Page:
When soup is the heart of your business, you can’t serve just the basics. That’s why founder Eric Ersher tries to keep dreaming up new soups, sometimes from the unlikeliest places.
It was long after the lunch rush, but Chris Newcomb still wasn’t comfortable taking up a booth in the Jackson, Mississippi, restaurant that bears his nickname, Newk’s. The reason was what James Patterson was holding in his hand—a camera. As Newcomb sat in the booth with an ahi tuna salad and a slice of pink cake in front of him as props, he raised and lowered his chin, looked away, looked at the camera just as Patterson, the photographer, instructed, but it was clear he wasn’t enjoying it, no matter how many times he reassured us he was fine.
Dzana Homan is School of Rock’s forcefully passionate CEO, focused on growing the chain of music schools and leveraging its power as a cultural tastemaker for today’s young, UP-AND-COMING rockers.
It was our idea to pose Sergio Orozco next to a Lego man on the trade mission to Latin America. At 25, Orozco, international manager for Signal 88 Security, was the youngest member of our band of merry franchisors, and thereby, willing to combine work with play. On trade missions, you have plenty of downtime while traveling from airport to airport to get to know the other participants, but not as well as when you give them the Franchise Times Personality Quiz. Here’s how Orozco answered our probing questions:
At age 34, David Lopez has seen success and failure. Dental Fix RX is a prime example of the former; Froots not so much. He’s developed strong points of view along the way. Read on for his particular flavor of Kool-Aid.
Mentorship comes in all shapes and phases—sometimes you’re the mentor; sometimes you’re the mentee. It all depends on where in the ride you’re picked up.
‘Beards are hip,’ says one restaurant owner, stating the obvious. Facial hair used to be verboten in foodservice, but no longer, and many are scrambling to rewrite policies. At least one holdout, though, forbids the beard.
Paul Brown had never led a fast-food franchise in his life when new investor Roark Capital picked him to run Arby’s—a concept so out-of-touch with today’s tastes it was the butt of comedians’ jokes. But Brown and his team punched back, proudly embracing its meats, and today can boast a fast-food revival against the odds.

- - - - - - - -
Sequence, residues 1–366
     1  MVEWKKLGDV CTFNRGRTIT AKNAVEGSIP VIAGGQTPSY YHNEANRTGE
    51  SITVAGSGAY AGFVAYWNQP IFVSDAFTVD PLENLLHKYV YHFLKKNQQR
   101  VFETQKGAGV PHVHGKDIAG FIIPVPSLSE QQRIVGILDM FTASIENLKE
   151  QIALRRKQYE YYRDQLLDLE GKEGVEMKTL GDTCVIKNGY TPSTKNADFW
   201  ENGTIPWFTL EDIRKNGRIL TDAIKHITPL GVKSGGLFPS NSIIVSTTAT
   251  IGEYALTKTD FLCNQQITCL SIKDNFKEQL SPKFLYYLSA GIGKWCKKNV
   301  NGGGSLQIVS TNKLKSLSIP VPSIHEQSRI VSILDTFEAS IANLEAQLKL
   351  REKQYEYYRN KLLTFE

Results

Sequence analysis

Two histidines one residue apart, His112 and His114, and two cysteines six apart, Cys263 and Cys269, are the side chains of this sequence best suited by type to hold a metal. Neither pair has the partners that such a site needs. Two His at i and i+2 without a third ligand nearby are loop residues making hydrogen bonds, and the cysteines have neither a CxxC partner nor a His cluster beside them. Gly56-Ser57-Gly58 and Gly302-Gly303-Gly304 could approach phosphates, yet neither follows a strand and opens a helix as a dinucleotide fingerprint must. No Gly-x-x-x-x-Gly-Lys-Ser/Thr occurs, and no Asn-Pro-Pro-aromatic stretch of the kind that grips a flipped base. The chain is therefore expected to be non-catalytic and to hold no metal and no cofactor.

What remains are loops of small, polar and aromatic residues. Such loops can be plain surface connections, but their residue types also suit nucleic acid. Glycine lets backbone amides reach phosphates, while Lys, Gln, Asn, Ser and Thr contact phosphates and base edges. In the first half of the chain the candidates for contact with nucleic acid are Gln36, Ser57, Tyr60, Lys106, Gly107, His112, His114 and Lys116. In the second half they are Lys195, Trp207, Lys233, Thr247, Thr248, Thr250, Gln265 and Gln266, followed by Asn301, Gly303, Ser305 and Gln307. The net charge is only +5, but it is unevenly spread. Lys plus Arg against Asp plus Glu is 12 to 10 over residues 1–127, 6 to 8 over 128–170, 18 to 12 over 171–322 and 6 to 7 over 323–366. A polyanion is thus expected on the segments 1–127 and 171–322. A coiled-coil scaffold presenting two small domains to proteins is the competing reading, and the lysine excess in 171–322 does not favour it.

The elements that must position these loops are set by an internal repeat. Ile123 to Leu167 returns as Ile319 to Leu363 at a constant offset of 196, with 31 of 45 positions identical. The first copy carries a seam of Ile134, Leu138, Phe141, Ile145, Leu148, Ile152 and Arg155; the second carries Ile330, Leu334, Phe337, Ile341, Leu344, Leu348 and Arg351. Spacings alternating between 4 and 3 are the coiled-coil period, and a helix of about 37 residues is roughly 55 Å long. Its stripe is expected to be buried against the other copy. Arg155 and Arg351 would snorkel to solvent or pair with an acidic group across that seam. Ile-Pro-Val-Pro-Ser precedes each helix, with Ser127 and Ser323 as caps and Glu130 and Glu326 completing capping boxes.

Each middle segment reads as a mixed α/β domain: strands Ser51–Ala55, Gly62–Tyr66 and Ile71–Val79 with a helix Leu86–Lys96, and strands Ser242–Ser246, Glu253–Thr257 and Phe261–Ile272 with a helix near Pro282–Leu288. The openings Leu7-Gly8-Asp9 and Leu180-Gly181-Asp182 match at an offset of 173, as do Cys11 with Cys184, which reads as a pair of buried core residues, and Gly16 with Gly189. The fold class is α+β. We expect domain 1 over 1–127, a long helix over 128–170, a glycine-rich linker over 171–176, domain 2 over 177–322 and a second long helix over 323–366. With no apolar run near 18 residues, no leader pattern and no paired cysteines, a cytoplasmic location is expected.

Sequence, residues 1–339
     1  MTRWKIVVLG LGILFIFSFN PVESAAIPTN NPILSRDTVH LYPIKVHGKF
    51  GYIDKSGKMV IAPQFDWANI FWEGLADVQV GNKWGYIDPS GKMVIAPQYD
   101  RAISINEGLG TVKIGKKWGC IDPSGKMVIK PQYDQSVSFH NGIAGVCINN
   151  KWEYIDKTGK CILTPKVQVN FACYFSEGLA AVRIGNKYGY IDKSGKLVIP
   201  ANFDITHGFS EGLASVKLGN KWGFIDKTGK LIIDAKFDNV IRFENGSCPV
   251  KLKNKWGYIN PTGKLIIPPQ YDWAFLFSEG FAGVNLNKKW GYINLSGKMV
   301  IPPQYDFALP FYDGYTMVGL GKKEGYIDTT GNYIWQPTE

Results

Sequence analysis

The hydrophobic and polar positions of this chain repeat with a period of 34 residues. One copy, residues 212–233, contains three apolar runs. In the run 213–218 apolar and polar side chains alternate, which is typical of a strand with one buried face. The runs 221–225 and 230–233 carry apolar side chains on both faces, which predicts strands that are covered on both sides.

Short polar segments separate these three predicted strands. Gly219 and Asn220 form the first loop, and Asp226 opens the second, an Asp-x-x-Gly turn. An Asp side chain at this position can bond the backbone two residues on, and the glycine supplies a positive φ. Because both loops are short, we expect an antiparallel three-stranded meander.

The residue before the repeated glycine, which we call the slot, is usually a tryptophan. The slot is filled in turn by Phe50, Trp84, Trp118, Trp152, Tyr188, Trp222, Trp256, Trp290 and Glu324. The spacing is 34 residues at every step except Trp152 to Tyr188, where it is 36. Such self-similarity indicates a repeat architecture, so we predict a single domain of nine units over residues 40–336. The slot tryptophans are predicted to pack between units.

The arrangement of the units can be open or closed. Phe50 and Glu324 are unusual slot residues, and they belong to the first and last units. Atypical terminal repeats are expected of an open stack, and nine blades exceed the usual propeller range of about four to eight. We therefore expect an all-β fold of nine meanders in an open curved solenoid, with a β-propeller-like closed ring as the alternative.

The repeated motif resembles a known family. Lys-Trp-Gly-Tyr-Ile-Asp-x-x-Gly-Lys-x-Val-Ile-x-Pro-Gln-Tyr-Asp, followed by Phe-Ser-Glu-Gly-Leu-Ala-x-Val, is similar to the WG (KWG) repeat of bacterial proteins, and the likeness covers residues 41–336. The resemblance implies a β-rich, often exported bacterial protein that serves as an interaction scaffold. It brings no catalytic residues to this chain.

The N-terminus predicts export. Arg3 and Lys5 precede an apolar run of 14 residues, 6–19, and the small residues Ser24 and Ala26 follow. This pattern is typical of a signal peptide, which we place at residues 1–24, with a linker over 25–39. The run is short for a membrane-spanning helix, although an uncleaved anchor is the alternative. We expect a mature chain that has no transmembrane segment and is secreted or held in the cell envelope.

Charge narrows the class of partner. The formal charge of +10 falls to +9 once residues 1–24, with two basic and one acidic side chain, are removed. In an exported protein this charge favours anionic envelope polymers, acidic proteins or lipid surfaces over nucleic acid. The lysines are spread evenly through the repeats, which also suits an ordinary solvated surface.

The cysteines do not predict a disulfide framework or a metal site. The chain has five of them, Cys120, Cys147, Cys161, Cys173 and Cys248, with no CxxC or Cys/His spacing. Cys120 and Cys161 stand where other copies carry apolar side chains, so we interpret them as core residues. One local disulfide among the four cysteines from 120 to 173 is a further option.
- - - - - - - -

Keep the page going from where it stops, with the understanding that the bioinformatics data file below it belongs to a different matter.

Peter Capriotti, CEO of Cotti Foods, this year added a couple of Pieology restaurants to his stable of 62 Taco Bells and 43 Wendy’s. Thus he joins the slim ranks of multi-unit operators who also take a chance on something new.
Six of the world’s most interesting young entrepreneurs are using franchising to make their mark. Jennifer Kushell is the organizer of a new industry-wide effort called NextGen to connect budding franchisors with established power brokers to help their businesses take off. Meet the group that is debunking myths about young people in business and franchising—and in some cases saving the world.
With ties severed to Famous Dave’s, the barbecue franchise he founded, Dave Anderson is back as head pitmaster for Jimmie’s Old Southern BBQ. Can he avoid the mistakes that soured his former experience?
When Dave Prokupek, above left, joined Smashburger, it had zero stores. When he left it had 275. Can he apply his golden touch to Jackson Hewitt, where he’s CEO?
Here’s one ‘zee who figures Portland, Oregon, is ripe for more juice-bar competition. A former marketer for Nike shoes, she plans to take on a local chain and the national giant, Jamba Juice, with a three-store deal.
He may be back in the fitness business, but former Curves President Gary Findley’s latest brand is operating in a brave new world. Can he make EnVie (pronounced on-VEE) into the next big thing?
Behold the potato, to some a humble starch. But for the founder of Potatopia, spuds are the main event, and he’s trying to build a franchise around it. Now if only it were easier to pronounce.
Mike and Linda Boyd discovered the hard way they can’t both be in charge of the same thing at Instant Imprints.
It may seem as if stock car drivers are pseudo-athletes, but controlling a 3,300-pound car at speeds of up to 200 mph takes strength, stamina and the heart of a marathon runner.
BoeFly’s mission to match every borrower with lenders willing to make a loan, and that’s the core service they’ve offered since starting four years ago.
Drew Brees has five Jimmy John’s stores, soon to be 20, that are going head to head with New Orleans’ iconic muffulettas and shrimp po’boys.
Sent to America at age 16 to avoid fighting his own countrymen, Tony Lutfi landed a job at a Jack in the Box. “I loved the speed and the movement,” the son of Palestinian refugees recalls.
Effective April 1, Erin Gray became the Juice It Up franchisee for the Rancho Santa Margarita, California, location.
Meet the 2014 Franchise Times Dealmakers—the daring dozen who move the money that builds empires.
Three falafel balls or two? That’s just one of the potential conflicts the husband-and-wife founders of Amsterdam Falafelshop faced.